Added: Ranisha Kimmell - Date: 28.06.2021 10:59 - Views: 17568 - Clicks: 9688
Over half of women ages 18 to 29 have received an explicit image they never asked for, according to a Pew Research Center study. In January, California state Sen. Ling Ling Chang, a Republican, introduced legislation that would make it illegal to send unsolicited nude images, punishable by a fine.
But the fact that this is a real enough problem to warrant lawmaker attention shows how little MeToo has made inro in our culture. Similarly, the new focus on consent in recent years seems to be a band-aid, not a comprehensive solution. There are contracts for college students to to indicate consent to sexual activity, and there are now even apps for people to use to a consent contract before sex.
Consider reed Rep. I would start shaking, crying, throwing up. Ultimately, the problem in our culture right now seems to be rooted in a me-first mindset of so many random nudes an attitude that prioritizes personal sexual gratification over honoring and respecting the human dignity of others, including would-be sexual partners. The modern sexual revolution is generally depicted as a welcome liberation, the beginning of a new era of pleasure. But is that interpretation correct? Men are victims, and advocates, too: For male survivors of sexual assault — like me — MeToo can help change culture of silence.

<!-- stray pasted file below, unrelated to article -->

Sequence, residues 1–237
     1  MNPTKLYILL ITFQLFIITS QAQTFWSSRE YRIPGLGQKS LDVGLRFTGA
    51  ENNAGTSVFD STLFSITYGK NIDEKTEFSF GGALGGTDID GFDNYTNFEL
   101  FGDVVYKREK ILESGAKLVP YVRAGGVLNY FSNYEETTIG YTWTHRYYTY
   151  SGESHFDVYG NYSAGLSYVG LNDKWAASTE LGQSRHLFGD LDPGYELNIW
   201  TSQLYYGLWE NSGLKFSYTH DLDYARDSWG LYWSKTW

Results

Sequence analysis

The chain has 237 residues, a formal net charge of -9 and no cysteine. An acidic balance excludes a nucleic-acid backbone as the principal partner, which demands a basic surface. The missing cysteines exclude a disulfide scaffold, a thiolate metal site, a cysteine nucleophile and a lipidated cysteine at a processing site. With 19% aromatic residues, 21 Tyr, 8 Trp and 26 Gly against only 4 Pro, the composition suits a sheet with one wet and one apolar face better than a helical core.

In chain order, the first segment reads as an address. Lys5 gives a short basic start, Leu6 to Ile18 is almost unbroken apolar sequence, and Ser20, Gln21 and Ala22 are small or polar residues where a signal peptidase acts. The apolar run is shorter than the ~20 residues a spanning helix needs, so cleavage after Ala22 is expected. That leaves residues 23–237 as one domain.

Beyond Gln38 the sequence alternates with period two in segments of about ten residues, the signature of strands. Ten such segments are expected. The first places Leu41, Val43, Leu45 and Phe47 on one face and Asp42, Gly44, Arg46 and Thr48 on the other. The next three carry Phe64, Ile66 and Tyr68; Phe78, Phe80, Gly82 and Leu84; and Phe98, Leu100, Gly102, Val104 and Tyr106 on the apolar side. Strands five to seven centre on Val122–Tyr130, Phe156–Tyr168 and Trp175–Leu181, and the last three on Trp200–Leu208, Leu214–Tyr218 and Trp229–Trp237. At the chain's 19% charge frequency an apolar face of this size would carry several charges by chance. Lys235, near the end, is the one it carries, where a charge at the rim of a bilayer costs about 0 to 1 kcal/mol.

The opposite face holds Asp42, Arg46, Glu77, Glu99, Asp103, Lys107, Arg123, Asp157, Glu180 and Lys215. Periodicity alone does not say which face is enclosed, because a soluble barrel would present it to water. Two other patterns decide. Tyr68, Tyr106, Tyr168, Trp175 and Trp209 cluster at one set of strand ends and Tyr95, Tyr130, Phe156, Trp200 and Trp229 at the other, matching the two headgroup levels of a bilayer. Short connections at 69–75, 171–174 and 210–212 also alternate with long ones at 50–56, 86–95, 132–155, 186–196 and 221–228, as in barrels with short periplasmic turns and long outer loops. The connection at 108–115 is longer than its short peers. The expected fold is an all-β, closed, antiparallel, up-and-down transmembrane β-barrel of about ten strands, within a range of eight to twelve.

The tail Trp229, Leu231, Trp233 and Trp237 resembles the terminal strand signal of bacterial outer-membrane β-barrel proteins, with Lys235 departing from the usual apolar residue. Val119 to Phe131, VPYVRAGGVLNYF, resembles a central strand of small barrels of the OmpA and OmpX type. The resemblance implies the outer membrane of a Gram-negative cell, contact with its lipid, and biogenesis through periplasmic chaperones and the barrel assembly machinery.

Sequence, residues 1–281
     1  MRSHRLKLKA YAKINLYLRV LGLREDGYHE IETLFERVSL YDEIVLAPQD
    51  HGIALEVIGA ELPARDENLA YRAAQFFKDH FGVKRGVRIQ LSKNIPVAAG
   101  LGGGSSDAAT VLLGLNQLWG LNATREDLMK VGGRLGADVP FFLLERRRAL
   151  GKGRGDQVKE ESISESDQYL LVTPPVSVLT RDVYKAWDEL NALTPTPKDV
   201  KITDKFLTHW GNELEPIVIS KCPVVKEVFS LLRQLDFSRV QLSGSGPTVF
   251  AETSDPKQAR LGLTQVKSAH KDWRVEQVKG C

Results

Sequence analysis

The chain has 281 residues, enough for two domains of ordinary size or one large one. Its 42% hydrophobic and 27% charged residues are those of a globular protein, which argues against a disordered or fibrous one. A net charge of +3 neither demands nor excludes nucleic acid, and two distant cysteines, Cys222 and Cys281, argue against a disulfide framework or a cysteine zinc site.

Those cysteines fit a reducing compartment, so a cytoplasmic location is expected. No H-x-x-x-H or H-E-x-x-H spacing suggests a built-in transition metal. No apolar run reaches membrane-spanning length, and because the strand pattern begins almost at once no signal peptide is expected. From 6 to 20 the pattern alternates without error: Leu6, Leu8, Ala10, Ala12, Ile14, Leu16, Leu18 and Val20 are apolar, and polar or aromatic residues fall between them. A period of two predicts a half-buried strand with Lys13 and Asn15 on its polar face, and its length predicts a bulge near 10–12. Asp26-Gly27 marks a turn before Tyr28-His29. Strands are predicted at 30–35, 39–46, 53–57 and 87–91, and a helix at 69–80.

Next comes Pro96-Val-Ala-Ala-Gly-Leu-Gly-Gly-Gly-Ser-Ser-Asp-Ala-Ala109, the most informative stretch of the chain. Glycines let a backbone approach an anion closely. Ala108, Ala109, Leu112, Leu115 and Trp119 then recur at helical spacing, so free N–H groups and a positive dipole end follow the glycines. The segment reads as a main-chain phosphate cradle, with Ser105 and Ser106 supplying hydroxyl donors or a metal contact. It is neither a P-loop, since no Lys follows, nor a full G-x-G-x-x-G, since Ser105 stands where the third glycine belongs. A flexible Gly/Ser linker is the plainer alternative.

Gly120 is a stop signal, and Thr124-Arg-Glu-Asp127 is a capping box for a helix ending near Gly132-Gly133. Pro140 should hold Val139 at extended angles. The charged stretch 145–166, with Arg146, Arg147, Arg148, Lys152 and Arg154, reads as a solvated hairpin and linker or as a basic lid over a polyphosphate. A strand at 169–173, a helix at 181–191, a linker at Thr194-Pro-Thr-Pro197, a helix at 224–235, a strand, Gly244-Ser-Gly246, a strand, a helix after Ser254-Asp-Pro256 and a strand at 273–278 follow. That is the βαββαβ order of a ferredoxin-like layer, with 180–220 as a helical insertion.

Undergirding our modern sexual mores is the notion that sexual intimacy can be random nudes, and achieved without pain to either partner, without actual personal intimacy — the kind that can only be acquired by communication and companionship over a period of time, not a few hours at a bar.
Curbing the sending of inappropriate sexual images to strangers is a good first step. But when it comes to healing the toxic, often selfish norms of our sexual culture, much more is needed.
The views expressed here are solely her own. Follow her on Twitter: KatrinaTrinko. You can read diverse opinions from our Board of Contributors and other writers on the Opinion fronton Twitter usatodayopinion and in our daily Opinion newsletter. To respond to a column, submit a comment to letters usatoday. Facebook Twitter. Cyber flashing: Sending unsolicited explicit pics is the tip of our toxic sexual culture We need to do more for the women who receive unsolicited, inappropriate pictures.
Changing laws is a start, but we also have to change the culture. Katrina Trinko Opinion contributor. Share your feedback to help improve our site!Random nudes
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Cyber flashing: Sending unsolicited explicit pics is the tip of our toxic sexual culture